Wednesday, May 04, 2022

The Ninth Hour by Alice McDermott, c. 2017

Our Monday Book Club's selection for May was The Ninth Hour by Alice McDermott. We had a lively discussion with some points mentioned, but not developed. This is a copy of my letter to the group to address some of the issues.
Before I returned the book to the library I wanted to check 2 things—Sally’s reason for leaving Chicago as soon as she got there, and Sister Jeanne’s statement, “I gave up my place in heaven a long time ago.” I’d also like to address the concern about theology of the characters/the writer.

The first is summarized on pages 153-159. Sally is thinking at night on the train about her father’s job on the BRT, dozes, sees the little boy, and muses on “She was going to give her life to others, in the name of the crucified Christ and His loving mother. She was going to join the Little Nursing Sisters of the Sick Poor, Congregation of Mary Before the Cross, Stabat Mater, which Sister Jeanne thought the most beautiful name of all the orders. Because it reminded us all, Sister Jeanne said, that love stood before brutality in that moment on Golgotha and love was triumphant. Love applied to suffering, as Sister Illuminata put it: like a clean cloth to a seeping wound.” (Then images of the convent laundry where she’d spent her most formative years with the nuns). Then she physically attacks the disgusting woman who tormented her. She sees she cannot live up to her images of the nuns who helped raise her.

The second is the death of Mrs. Costello. “Her troubles were endless and her care was endless.” Both Sister Jeanne and Sally love Annie who will not be moved from her sinful behavior. Sally’s intentions are preceded by a few signs, like leaving the food uncovered and leaving the apartment before taking care of Mrs. Costello’s fever (p. 208) and her easy lies (p. 211). The writer repeats the “butter wouldn’t melt in her mouth” line she used with the disgusting woman on the train. It sounds minor but it shows Sally slipping away from her values. We already know the details of the poorly prepared applesauce, and how alum can kill, although we don’t know why we have those details. If Mrs. Costello died, then Annie would be free to marry Mr. Costello, Sally could have her mother back, and the sinning would stop. “Her plan was to exchange her own immortal soul for her mother’s mortal happiness.” (p. 225) Four times on one page this plan is called ridiculous. However, if you read p. 224-226 carefully, neither Sally or Sister Jeanne actually carry out their plan—or at least we don’t see it and the narrator (Sally’s children) doesn’t either--one with poisoned tea and one with applesauce. Sister Jeanne stops Sally with her arm movement, Mrs. Costello is coughing, gulping and choking. We never see/read (in the writer’s words) Sister Jeanne give Mrs. Costello the applesauce, she has the cup and spoon in her hand, and Sally is looking at the photograph of the wedding photo. When she turns and sees what is happening the spoon is still poised in sister’s hand. Sister Lucy arrives and the 2 nuns begin to slap and pounded on her back in a last attempt to restore her breathing.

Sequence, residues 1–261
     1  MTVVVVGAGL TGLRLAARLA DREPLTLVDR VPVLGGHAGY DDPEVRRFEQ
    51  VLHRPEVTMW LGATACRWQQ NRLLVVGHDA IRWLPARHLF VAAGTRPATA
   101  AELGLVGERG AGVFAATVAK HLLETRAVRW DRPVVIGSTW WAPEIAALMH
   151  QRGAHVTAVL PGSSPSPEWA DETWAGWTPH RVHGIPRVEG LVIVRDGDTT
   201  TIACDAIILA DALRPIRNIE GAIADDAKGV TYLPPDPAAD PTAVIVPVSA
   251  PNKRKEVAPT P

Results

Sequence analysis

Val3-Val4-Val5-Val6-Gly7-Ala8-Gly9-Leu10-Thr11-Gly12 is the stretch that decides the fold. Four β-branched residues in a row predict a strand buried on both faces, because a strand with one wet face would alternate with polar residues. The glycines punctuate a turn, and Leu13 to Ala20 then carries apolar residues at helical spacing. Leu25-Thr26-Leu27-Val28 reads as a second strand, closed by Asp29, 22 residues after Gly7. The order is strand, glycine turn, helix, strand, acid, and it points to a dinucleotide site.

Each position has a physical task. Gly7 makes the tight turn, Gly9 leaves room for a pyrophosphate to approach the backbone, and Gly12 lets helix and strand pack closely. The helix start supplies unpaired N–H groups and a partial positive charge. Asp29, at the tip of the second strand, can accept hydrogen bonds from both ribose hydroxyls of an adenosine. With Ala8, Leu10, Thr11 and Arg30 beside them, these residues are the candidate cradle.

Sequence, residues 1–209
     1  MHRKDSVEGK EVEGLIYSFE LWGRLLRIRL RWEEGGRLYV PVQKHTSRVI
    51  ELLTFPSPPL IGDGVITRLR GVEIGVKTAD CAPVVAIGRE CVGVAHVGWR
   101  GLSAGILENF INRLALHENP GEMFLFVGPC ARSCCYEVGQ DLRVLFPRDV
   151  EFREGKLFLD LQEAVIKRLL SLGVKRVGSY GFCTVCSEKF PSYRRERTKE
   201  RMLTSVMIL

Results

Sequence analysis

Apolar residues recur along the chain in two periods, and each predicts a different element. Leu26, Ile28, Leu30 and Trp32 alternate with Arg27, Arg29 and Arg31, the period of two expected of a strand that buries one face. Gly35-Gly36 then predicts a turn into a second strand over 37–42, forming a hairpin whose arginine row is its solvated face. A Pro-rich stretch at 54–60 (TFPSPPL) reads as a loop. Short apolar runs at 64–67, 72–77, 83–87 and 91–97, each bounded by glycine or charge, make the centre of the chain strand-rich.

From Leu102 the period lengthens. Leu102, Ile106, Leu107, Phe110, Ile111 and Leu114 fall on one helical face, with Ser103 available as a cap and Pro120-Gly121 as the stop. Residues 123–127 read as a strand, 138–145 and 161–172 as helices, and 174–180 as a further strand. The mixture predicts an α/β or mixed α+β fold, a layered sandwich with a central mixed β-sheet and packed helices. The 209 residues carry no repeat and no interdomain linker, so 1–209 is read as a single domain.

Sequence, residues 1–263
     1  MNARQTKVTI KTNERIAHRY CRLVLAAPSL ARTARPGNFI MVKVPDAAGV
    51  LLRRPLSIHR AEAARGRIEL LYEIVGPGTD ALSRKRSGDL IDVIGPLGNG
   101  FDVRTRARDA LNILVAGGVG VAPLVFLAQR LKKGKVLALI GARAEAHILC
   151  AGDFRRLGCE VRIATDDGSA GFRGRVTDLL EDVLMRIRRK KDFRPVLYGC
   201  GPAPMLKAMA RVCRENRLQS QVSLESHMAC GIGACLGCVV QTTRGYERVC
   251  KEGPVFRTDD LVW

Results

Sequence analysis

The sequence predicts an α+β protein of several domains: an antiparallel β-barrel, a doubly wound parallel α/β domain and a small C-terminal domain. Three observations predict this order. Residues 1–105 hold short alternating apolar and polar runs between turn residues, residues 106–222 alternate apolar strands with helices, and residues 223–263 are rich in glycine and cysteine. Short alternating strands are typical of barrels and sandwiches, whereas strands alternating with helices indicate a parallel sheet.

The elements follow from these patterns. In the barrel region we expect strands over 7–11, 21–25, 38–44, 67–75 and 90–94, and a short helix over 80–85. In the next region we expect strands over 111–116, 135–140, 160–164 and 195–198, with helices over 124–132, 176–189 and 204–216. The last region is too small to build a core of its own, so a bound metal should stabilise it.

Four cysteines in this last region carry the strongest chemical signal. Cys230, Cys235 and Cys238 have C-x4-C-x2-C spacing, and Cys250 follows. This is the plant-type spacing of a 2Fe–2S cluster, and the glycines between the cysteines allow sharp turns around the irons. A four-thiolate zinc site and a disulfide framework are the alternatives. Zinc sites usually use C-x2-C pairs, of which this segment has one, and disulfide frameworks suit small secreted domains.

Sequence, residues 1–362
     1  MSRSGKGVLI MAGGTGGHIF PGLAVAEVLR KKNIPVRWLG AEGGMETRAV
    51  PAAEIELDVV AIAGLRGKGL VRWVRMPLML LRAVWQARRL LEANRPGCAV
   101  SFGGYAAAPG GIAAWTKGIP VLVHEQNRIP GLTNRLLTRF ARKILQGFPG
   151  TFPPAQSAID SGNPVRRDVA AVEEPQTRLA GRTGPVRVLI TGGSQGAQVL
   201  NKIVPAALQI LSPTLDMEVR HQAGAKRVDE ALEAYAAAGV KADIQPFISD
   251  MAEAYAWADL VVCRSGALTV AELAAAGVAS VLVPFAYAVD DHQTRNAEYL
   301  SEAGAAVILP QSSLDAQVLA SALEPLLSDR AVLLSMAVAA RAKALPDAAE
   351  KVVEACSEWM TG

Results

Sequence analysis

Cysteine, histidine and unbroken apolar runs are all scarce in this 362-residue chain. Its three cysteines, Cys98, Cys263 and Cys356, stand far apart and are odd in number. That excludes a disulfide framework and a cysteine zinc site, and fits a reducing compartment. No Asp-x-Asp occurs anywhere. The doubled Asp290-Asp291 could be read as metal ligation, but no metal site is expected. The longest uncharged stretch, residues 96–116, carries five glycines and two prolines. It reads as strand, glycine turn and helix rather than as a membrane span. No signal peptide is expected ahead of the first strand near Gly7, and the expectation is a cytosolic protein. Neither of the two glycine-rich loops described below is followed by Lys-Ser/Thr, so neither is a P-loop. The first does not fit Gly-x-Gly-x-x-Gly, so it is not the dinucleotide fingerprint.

McDermott’s skill as a writer and plot developer is incredible. It’s very spare; every detail matters. Her use of words, even reusing phrases and simple thoughts over, seems appropriate for the simple life of the characters—not rich, not educated, not clever. Short, crisp phrases and sentences, words that are not multisyllabic. We never could pin down the era or dates, but did you notice WWI, The Great Depression and WWII do not appear as characters or even a back drop. The Civil War figures in slightly to show another kind of substitutionary behavior. Their world is very self-contained and small.

As far as theology goes, I do see a serious lack on Sister Jeanne’s part, in that Confession (called the Sacrament of Reconciliation) could have absolved her of her guilt. Same with Sally. I think they knew that, but chose not to seek forgiveness. With Sister Jeanne it might have been her less than generous opinion of the parish priests. Even if they didn’t actually do the deed (and that’s up to interpretation) they had planned it, and in the heart according to Jesus it’s a done deal. Jesus gave that authority to his disciples who pass it down to priests today. It’s even that way in Lutheran and Anglican churches. Lutherans (I be one) say it every Sunday and the pastor says, “As a called and ordained minister of the Church of Christ, and by his authority, I therefore declare to you the entire forgiveness of all your sins, in the name of the Father, and of the Son, and of the Holy Spirit (sign of the cross).”

As far as the differences between Protestants and Catholics, it is more common for Protestants even if not openly Calvinists, to believe in “imputed righteousness” and Catholics to believe in “infused righteousness.” Catholic theology would take very seriously the words of Jesus in the sermon on the mount and Matthew 25, that one meets Jesus in person while offering aid and comfort to the hungry, thirsty, imprisoned, etc. The nuns in McDermott’s novel live out this theology, they meet joyfully Christ in the suffering of the people they help. Whether or not McDermott is only nominally Catholic she accurately portrays Catholicism.

Thank you, Margie, for bringing this book to us. I really enjoyed it.

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